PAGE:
States that were hit the hardest by the Great Recession experienced the biggest birthrate declines.
Voter turnout always drops off for midterm elections, but why?
Voter turnout, no matter how measured, is consistently lower in midterm elections compared to presidential election years. Political scientists aren't sure why, but have some ideas.
Chart of the Week: Where engineering and English majors end up working
A new Census Bureau data visualization depicts the relationships between undergraduate majors and types of occupations.
The politics of American generations: How age affects attitudes and voting behavior
Among U.S. adults, different age cohorts have markedly different political profiles, but the relationship is considerably more complex than young people leaning liberal and older people being more conservative.
CDC: Two of every five U.S. households have only wireless phones
Two of every five U.S. households have no landline phones, but the growth rate of cord-cutting slowed last year.
What is a ‘closely held corporation,’ anyway, and how many are there?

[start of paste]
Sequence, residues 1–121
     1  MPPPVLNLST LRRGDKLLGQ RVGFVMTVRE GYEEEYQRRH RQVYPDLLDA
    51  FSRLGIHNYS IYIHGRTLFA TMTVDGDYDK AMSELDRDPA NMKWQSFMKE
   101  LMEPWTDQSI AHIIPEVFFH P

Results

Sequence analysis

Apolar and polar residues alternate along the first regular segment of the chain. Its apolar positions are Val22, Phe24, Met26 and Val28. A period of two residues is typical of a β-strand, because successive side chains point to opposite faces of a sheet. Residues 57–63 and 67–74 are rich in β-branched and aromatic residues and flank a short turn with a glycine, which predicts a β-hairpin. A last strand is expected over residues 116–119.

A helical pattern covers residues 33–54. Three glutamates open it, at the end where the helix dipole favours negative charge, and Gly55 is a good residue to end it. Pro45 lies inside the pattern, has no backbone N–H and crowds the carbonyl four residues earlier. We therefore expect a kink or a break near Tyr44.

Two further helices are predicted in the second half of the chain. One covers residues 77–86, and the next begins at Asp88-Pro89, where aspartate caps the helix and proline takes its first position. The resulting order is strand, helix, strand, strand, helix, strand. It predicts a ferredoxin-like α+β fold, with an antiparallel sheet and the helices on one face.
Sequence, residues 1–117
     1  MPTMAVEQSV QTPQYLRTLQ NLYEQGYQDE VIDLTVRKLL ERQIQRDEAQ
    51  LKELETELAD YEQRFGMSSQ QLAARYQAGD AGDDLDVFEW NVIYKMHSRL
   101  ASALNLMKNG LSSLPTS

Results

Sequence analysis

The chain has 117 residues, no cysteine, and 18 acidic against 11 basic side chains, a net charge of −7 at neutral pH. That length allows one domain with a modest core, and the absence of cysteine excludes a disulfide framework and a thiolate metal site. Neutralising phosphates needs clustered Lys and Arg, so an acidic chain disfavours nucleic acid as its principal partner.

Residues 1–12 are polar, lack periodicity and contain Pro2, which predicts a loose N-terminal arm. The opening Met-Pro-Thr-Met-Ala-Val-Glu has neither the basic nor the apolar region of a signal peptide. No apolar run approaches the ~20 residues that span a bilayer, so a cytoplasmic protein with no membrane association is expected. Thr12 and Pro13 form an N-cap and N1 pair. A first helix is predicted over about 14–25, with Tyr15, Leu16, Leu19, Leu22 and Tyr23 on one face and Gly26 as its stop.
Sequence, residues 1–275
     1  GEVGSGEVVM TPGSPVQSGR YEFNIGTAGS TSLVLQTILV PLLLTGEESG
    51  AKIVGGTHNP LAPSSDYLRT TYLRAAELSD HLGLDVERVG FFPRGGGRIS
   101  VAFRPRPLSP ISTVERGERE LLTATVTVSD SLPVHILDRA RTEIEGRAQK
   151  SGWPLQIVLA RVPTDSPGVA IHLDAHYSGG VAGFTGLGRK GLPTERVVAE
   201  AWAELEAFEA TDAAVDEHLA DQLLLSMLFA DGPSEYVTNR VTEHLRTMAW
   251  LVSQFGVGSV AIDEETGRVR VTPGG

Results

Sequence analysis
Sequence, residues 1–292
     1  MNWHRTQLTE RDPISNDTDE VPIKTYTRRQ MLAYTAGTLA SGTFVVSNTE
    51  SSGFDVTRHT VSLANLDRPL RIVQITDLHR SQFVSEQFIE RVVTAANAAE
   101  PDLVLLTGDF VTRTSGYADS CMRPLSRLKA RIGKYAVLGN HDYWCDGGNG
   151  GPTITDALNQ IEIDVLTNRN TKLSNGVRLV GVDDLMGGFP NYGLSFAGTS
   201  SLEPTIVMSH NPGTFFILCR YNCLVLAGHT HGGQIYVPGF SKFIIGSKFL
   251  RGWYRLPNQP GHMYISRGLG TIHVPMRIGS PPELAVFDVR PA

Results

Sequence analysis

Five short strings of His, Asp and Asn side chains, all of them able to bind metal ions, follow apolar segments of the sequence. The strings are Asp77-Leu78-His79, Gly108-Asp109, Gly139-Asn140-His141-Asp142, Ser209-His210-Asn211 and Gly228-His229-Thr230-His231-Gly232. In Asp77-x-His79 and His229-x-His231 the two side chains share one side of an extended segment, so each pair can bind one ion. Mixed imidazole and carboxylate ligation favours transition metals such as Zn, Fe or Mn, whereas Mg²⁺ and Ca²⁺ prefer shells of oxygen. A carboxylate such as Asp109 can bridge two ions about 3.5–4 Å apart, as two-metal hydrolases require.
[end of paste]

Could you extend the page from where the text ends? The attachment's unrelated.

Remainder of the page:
The Supreme Court's long-awaited decision in the Hobby Lobby case says "closely held" corporations can have religious rights that need to be respected. What was it talking about?
Chart of the Week: How the Supreme Court justices line up
Supreme Court justices vote together more often than they don't, but some of that agreement may be surface-only.
A closer look at who identifies as Democrat and Republican
Looking at the two major U.S. political parties through the lens of our new political typology report shows that neither can rely solely on their staunchest supporters to win elections.
Chart of the Week: A century of U.S. political history
A very cool interactive timeline map of U.S. congressional districts.
New political typology data show islands of agreement amid sea of polarization
Despite increased polarization, the Pew Research Center's latest political typology report shows several areas of agreement between otherwise opposed groups.
About Pew Research Center Pew Research Center is a nonpartisan fact tank that informs the public about the issues, attitudes and trends shaping the world. It conducts public opinion polling, demographic research, media content analysis and other empirical social science research. Pew Research Center does not take policy positions. It is a subsidiary of The Pew Charitable Trusts.